Fermented strawberries and lacto-fermented Jerusalem artichokes – executive chef Steve Lancaster takes a bold approach at his first restaurant Poise, an intimate space where he reinterprets European classics using Nordic fermentation techniques.
Many chefs start out by working their way up the kitchen ladder. Executive chef Steve Lancaster nailed the brief perfectly, working as a dishwasher in a pub at 13 years old before building up an impressive resume by working at several Michelin-starred establishments around the world and honing his talent.
Not only was Lancaster part of Singapore’s two-Michelin-starred Saint Pierre team for three years before going solo with his first restaurant, Poise, but he is also an alumnus of the prestigious The Fat Duck in London and Oaxen Krog by Magnus Ek (one of Sweden's most influential chefs) in Stockholm.
Lancaster says it was the latter that had a huge impact on his career, as he spent years working with leading Nordic chefs for an in-depth understanding of the inventiveness of New Nordic cuisine, its deep connection to the land and people behind every ingredient, and a distinct freshness and balance in every dish. Indeed, a wall of seasonal ferments sits across his open kitchen, transforming ingredients through natural methods of preservation into his final creations across degustation menus.
Now, despite sourcing prime ingredients from Europe and Japan for his produce-led cuisine at Poise, the 33-year-old Briton has already carved out a name for himself with the ability to transform even the most humble of ingredients into something original without any pomp and show, and letting his creativity take centre stage.
Modern European dishes with strong Nordic connections are showcased at the restaurant, celebrating nature and paying a tribute in equal parts to Scandinavian culinary culture as well as his British heritage. Behind each of his dishes are myriad techniques applied in Nordic cuisine, including fermentation, ageing and pickling – all to create a different dimension to the natural flavours of the produce.
Thanks to a firm foundation in sophisticated haute cuisine techniques and a palate for purity and balance in flavours, Lancaster’s calling card is reinterpreting classics into new but familiar creations, offering a menu that is full of flavour and well-rounded from the hits of fermentation, but without any cloying richness. Here, he shares his favourite ingredients to ferment, and why humble produce such as the potato can still surprise people.
What makes you identify so much with the Nordic cooking techniques that you predominantly espouse in your kitchen?
The techniques have changed the outlook of the cuisine which I grew up with. Besides making non-seasonal ingredients available throughout the year, the use of fermentation, pickling and preservation techniques adds new depth to the rather heaviness of European cuisine.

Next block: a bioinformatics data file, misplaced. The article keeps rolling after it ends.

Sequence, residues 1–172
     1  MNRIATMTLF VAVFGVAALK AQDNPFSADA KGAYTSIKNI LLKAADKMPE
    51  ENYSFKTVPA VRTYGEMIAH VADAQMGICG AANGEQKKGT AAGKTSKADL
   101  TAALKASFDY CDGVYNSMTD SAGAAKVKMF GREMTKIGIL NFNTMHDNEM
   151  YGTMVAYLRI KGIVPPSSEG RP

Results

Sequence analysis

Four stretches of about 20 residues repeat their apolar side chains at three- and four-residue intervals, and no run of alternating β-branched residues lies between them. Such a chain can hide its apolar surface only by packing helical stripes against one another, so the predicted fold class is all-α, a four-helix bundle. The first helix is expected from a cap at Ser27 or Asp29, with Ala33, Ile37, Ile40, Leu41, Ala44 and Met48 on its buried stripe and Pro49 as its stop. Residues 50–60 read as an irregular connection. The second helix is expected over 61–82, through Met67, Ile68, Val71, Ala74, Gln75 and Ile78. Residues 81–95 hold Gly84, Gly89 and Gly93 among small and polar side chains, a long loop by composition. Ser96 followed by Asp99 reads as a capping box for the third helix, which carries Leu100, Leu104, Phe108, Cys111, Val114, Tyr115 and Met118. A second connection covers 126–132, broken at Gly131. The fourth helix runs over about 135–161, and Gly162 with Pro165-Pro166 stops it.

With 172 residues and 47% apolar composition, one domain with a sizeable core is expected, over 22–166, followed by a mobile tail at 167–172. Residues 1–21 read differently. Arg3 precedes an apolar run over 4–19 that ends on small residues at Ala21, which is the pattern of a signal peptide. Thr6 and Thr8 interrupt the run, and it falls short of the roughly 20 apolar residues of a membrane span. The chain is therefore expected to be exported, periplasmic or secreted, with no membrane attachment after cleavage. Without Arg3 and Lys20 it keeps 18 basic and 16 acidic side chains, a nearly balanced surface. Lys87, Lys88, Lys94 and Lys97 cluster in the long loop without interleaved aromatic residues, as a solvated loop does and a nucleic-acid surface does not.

What are some of your favourite ingredients to ferment and pickle that most chefs don't do?
My personal favourites to ferment include potatoes, white asparagus and strawberries. That said, I wouldn’t think that I am reinventing the wheel here. Fermenting is an age-old technique used by cultures all around the world – every ingredient out there must have been fermented by somebody at some point in time!
Have you made any mistakes that actually helped shape and propel your career and skills as a chef?
I actually moved to Sweden with the intention of opening a restaurant. That fell through really quickly, so you could see it as a mistake of sorts. But that also led to a critical move in my career as I ended up working with Magnus Ek who taught me so much about the New Nordic food scene.
Which chefs inspire you and why?
Clare Smyth, chef-patron of Core in London, and the first and only British female chef to hold three Michelin stars in the UK. Her ability to use humble ingredients and turn them into spectacular dishes is a demonstration of pure skills and creativity.
What are some of the new creations diners can expect at Poise?
We are heading into autumn, so you can expect interesting flavour combinations like mushroom and dark chocolate for dessert, and some lovely seasonal produce like barbecued hispi cabbage and lacto-fermented Jerusalem artichokes. We’ve got a lot more excitement on the Autumn Menu, so why don’t you come and see?
Which dish are you most proud of?
Potato Miso. It is amazing how many people are so surprised by how unique and good it tastes. It is an everyday ingredient but the fermentation process created many layers of flavours in it, and I love how many guests are amazed by its complexity and deliciousness.
What do most people not know about Steve the chef, and Steve the person?
Steve the chef is one of the most stubborn people you will ever meet. I don’t compromise on anything, unless I have absolutely no choice. Steve the person uses less hair gel than most people think I do. I also have a dry sense of humour.
Sum up your culinary vision in one sentence.
Creating elegant yet balanced food with a rocking atmosphere.